In grammar, a future tense is a verb form that marks the event described by the verb as not having happened yet.

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Present instead of future?

I keep noticing that native speakers often times use present tense when, to my mind, they should use future: If you go straight, you (will) see a building. I can (will be able to) give you $5 ...
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21 views

Use of periphrastic do in future tense

I would like to know if the use of periphrastic do in the future tense is possible in English (whether in a special way or in a particular dialect of English) like in Breton (it's a correct form for ...
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39 views

Future Progressive tense [duplicate]

I'm quite good at English,but not adept in it. Over a period of time I've gotten a good grip over it and I could ponder a lot about grammar in detail. I've doubt regarding the following Qs. and need ...
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57 views

Will / Going to [duplicate]

I'm having some troubles with the usage of will and going to in the future tense. I have searched this problem all over Google, but I can't seem to find the universal explanation (for example, one ...
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75 views

The future tense (will / going to )? [closed]

Could anyone answer this then explain correctly? Choose : Be careful, you ..... your hand with that knife . will cut / are going to cut /are cutting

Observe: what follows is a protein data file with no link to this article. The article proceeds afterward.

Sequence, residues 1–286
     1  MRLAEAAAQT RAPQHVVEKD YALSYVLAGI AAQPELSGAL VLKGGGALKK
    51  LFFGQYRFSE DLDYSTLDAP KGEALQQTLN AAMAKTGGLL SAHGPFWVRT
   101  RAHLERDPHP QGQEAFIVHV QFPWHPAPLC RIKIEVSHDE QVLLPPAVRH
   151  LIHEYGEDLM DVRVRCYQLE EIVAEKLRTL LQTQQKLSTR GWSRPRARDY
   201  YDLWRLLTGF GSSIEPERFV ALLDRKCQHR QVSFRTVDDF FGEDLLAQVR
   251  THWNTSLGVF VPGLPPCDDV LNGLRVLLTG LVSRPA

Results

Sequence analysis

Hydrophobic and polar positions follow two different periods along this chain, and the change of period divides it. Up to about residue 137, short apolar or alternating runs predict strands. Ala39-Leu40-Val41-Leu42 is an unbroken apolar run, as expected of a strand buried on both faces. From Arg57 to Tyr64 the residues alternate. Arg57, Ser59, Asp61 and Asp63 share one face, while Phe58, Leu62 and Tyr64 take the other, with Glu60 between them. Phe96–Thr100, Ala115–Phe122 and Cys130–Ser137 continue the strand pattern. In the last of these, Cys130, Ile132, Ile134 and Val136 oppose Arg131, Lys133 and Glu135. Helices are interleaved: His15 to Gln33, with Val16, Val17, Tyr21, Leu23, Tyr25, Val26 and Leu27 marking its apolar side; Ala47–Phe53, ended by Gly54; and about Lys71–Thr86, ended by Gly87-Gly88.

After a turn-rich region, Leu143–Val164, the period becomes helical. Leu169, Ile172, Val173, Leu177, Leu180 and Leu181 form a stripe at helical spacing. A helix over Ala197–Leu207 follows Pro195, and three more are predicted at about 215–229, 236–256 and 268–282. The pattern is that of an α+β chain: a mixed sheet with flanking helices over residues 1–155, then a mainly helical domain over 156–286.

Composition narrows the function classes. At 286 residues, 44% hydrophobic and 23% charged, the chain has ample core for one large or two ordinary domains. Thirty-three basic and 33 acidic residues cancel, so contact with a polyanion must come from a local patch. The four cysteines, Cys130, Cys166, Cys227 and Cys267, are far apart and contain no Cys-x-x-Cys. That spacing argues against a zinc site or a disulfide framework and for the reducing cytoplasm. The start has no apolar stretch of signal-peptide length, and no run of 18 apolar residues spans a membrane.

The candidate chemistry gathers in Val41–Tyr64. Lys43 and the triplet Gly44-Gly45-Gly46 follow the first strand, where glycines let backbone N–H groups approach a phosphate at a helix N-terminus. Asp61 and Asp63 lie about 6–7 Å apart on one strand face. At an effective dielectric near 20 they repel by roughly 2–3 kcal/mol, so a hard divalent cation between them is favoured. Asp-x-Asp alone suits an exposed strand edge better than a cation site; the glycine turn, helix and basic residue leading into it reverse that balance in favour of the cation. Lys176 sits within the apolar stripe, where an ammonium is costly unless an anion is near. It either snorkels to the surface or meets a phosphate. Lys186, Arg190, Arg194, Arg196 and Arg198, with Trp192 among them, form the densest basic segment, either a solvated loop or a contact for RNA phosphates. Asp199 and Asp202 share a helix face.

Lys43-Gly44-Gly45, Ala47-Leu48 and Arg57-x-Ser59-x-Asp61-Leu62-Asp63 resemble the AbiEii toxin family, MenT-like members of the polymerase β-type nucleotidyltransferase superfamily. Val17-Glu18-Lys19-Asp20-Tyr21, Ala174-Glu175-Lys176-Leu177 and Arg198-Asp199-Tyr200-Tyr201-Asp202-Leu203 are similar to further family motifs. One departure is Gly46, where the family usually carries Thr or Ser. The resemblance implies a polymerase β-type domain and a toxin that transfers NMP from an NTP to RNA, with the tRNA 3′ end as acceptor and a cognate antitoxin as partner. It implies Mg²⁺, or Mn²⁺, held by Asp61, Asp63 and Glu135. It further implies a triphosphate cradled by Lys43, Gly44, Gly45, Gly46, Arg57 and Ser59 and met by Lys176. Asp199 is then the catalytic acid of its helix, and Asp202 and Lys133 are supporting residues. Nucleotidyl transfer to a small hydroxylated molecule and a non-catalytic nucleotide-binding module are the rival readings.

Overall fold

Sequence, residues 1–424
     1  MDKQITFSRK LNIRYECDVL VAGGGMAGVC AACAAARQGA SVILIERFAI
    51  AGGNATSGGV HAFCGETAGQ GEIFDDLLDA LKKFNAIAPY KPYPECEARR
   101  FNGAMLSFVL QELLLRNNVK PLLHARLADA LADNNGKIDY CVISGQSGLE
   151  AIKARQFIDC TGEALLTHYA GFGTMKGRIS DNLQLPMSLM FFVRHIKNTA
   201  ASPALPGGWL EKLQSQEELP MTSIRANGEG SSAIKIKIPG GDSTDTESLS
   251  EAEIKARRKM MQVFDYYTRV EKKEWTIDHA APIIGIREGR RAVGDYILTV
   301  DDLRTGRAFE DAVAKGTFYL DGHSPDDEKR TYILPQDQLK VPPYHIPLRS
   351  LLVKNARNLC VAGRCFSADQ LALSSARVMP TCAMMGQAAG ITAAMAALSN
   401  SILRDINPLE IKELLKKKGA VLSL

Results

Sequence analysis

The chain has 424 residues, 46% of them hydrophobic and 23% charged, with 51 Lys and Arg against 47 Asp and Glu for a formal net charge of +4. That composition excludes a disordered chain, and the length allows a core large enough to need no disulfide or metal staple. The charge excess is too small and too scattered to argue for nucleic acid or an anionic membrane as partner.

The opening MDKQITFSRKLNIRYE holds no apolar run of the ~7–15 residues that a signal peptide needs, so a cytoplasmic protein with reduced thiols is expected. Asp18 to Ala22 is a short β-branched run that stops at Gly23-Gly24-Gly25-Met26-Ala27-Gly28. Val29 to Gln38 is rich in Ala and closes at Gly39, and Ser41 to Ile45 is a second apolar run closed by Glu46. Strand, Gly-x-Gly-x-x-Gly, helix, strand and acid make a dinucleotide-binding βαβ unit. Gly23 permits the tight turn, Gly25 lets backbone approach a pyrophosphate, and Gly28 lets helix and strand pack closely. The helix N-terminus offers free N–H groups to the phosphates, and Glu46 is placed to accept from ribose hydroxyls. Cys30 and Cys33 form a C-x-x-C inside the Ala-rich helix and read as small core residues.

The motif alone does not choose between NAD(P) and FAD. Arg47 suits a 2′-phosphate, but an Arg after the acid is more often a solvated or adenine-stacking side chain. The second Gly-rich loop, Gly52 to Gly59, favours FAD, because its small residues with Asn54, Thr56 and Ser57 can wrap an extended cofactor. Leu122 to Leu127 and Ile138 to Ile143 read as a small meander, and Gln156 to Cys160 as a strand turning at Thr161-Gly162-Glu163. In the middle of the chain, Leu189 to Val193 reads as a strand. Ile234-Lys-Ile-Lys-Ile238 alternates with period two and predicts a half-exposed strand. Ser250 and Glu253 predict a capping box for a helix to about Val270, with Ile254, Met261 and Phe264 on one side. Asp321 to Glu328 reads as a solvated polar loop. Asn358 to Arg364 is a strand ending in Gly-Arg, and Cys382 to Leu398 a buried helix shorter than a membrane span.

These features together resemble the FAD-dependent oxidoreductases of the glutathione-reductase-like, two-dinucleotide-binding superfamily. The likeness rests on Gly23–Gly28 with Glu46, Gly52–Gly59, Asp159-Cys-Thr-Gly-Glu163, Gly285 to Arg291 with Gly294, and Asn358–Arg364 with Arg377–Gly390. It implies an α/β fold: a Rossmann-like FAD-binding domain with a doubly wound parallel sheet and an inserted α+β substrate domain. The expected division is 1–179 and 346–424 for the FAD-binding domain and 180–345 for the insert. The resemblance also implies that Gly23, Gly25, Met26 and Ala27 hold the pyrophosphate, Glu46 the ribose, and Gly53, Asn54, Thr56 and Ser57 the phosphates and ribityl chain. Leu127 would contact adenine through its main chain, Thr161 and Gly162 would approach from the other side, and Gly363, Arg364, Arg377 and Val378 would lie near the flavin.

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3answers
761 views

Future Tense of Modal Verbs

All normal verbs can be conjugated in the future tense. e.g. I know, I will know. I do, I will do. But I have noticed that we cannot conjugate the modal verb can in the future tense. can, I ...
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2answers
71 views

present continuous vs future continuous

"Can I come and stay with you and Dad?" "Of course, dear. How long do you think you [____] (verb to stay)?" The question is, is it "are going to stay" or "are staying" (or some other choice), ...
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61 views

'could have + past participle' to talk about possible events in the future

BACKGROUND In this earlier thread, Edwin Ashworth approved a use of 'could have + past participle' for the future event that was precluded by context as in: (1) Mary could have arrived tomorrow, ...
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74 views

I am learning English because I will need it when I go abroad

Which ones of the following could be correct: I am learning English because I will need it when I go abroad. I am learning English because I need it when I go abroad. What I imply is that I ...
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1answer
43 views

Future Perfect and Future Simple [closed]

Which one of these sentences is correct? In ten years, flights from Medan to Papua will take less than an hour. or In ten years, flights from Medan to Papua will have taken less than an ...